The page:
All international arrivals are required to quarantine in an officially accredited hotel while awaiting results of PCR testing. The stay is at the traveler’s expense, but rates are officially set, and much lower than the usual rates. We were pleased to find the seaside Plantation Bay resort on the list – with its tropical greenery and low colonial-style villas clustered around lagoons and pools, we couldn’t have asked for a more idyllic place to quarantine. While we were initially confined to our rooms, they were very comfortable, with speedy wifi, and poolside verandas where we could sit and dine. All meals were included in the package, and were delivered to our rooms. There was a somewhat limited range of choices – tapa or longanisa for breakfast; grilled tangigue, grilled liempo, or roast chicken for lunch and dinner. But for boxed meals they were very tasty, and felt more like picnic provisions than the rations of detainees.


Best of all our nasal swab results – all negative, thankfully – were emailed to us within twelve hours, after which we were cleared to leave our rooms. Our onward flight wasn’t scheduled to leave until two days after our arrival in Cebu, so we had a whole day to explore and enjoy the resort. Because of the pandemic, many of the hotel facilities were closed, but that also meant we pretty much had the resort to ourselves. We strolled and birdwatched along lanes shaded with acacia and kalachuchi, went tide-pooling on the small beach, and took a serene afternoon swim with nobody else in sight. That evening we feasted on the famous Cebu lechon, delivered from a local restaurant. There is much truth to the tourism slogan: with quarantining as with many other things, it’s more fun in the Philippines.


Refreshed after the unexpected break from the pandemic, we flew to Manila the next morning. There we were pleasantly surprised by the clear, smog-free sky, and the freely flowing traffic on EDSA. We were happily reunited with our families, though with the requisite physical distancing, and without the usual hugs and kisses.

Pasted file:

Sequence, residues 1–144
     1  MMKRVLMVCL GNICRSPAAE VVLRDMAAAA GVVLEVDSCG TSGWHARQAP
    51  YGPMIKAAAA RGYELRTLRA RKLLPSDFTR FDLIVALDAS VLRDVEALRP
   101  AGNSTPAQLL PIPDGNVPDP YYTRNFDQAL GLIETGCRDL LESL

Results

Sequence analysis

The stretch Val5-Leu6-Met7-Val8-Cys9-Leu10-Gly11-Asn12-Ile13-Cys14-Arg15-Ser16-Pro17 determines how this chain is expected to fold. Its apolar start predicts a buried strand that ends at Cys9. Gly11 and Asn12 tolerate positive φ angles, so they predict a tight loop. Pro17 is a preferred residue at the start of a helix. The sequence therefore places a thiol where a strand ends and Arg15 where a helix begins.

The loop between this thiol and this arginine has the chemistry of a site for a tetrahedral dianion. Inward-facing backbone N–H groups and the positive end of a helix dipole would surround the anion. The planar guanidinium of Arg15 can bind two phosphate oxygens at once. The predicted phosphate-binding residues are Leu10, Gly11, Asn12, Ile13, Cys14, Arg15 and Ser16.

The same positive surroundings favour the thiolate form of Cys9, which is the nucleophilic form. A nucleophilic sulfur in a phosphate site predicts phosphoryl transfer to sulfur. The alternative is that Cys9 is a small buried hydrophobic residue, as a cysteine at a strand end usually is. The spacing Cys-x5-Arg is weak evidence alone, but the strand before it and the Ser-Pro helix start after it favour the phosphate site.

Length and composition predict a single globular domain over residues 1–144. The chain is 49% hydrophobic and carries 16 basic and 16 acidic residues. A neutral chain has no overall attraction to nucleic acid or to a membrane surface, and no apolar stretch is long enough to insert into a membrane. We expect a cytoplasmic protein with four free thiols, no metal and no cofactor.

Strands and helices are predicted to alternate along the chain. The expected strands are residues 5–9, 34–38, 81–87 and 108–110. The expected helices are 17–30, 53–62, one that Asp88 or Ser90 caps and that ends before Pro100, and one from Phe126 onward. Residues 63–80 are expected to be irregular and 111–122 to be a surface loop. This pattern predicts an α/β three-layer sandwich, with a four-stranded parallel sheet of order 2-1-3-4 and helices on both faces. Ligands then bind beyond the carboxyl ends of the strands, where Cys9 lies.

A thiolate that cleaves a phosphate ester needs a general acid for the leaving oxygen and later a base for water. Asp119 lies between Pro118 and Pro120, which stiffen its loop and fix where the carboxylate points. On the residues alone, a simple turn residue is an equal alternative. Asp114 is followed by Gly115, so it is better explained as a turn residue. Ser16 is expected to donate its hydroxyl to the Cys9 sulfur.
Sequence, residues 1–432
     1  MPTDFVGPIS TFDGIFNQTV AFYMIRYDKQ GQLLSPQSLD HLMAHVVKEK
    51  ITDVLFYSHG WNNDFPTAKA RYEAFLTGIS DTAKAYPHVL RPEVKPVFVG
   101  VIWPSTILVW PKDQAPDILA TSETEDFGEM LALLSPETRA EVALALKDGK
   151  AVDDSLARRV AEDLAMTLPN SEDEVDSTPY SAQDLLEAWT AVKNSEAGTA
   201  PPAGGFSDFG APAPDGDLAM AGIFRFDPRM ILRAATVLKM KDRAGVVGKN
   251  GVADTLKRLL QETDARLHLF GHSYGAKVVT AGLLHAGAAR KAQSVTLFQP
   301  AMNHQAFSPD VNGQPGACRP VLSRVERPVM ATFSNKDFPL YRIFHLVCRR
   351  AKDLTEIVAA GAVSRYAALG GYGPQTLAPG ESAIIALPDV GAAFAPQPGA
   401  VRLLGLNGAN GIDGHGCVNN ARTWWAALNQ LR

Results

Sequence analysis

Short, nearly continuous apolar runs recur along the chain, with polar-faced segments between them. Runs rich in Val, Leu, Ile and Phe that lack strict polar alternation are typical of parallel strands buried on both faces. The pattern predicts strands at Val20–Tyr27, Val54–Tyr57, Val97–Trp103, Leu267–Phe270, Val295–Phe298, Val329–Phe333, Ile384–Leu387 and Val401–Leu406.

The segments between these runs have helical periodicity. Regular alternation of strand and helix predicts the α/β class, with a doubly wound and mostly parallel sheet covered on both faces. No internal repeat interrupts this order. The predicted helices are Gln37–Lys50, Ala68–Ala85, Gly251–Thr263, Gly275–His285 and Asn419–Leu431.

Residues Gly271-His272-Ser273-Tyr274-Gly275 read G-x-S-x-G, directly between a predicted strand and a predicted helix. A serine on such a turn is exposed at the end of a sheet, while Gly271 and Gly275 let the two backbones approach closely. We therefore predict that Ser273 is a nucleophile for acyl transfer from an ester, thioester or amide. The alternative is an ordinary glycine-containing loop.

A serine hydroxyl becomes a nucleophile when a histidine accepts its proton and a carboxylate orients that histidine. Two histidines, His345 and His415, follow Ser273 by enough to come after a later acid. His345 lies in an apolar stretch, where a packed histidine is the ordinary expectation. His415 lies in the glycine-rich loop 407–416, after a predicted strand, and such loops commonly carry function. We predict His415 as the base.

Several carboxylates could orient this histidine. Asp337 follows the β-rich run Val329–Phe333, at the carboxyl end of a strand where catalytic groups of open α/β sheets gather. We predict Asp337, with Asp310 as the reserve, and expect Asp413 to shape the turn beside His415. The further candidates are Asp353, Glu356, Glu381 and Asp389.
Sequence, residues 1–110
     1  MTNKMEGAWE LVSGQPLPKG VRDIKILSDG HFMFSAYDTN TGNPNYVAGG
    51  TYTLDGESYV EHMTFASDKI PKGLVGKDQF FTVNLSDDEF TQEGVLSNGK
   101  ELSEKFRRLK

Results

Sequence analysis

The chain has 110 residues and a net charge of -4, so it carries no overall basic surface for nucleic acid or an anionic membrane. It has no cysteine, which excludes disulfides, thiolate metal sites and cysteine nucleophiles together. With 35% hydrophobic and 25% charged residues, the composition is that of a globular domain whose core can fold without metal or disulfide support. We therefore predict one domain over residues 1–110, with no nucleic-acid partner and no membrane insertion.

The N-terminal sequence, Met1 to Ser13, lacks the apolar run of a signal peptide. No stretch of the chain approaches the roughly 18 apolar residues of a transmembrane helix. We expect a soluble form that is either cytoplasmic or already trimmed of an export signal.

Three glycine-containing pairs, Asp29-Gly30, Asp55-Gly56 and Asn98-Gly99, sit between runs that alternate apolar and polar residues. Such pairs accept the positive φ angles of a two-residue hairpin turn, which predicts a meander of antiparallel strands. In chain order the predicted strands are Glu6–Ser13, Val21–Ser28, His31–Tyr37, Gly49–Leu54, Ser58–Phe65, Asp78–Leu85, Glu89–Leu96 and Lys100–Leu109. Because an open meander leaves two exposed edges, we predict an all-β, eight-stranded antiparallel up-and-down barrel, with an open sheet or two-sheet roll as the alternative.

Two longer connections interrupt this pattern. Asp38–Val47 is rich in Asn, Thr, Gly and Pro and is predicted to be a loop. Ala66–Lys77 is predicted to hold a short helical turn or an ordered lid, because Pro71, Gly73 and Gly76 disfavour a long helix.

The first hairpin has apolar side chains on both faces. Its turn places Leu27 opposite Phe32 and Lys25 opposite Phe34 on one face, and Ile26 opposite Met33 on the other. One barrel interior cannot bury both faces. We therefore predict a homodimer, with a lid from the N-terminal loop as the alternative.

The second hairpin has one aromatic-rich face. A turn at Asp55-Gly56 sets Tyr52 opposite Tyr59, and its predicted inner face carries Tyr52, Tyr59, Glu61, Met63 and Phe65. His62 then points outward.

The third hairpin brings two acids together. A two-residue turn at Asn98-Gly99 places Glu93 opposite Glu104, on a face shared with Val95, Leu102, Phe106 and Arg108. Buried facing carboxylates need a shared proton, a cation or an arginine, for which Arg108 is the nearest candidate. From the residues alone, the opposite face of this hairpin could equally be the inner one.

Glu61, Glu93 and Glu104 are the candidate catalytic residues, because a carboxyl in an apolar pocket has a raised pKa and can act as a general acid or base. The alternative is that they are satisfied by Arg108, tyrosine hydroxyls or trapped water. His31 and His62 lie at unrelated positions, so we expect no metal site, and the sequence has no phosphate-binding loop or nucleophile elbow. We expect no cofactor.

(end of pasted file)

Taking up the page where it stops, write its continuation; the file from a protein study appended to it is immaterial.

Our weeklong stay in Manila was very different from our usual visits. There were no get-togethers with friends or more distant relatives, no shopping or dining at malls or restaurants, no sightseeing out-of-town excursions. But with Lorraine’s family home all day, with grown-ups working remotely, and kids out of school, we had much more quality family time than we usually do. And so the days flew by, spent at home with family, with many happy hours of chatting and eating, enjoying long-missed favorites like lanzones and mangosteen, and discovering new ones, like ube cheese pan de sal. We spent much time playing board games, and reliving old memories. Just like old times, but with masks on our faces.


Most importantly we got to spend time with Daddy, who was thankfully still up and about, though easily fatigued. We heard him recount stories about his childhood and youth, pored over old photos with him, and listened as he spoke about how he is at peace, and ready for meeting his maker. And we did get to celebrate his 90th birthday with him. In normal times it would have been a massive celebration, with extended family and numerous friends and colleagues in attendance. But with the pandemic in full swing, it was an intimate but no less joyous affair, with just the immediate family. We asked him during the party how he felt. He said, “With all of my children and grandchildren here, this is one of the happiest days of my life.” Which made the perils of travel in the time of a pandemic all worthwhile.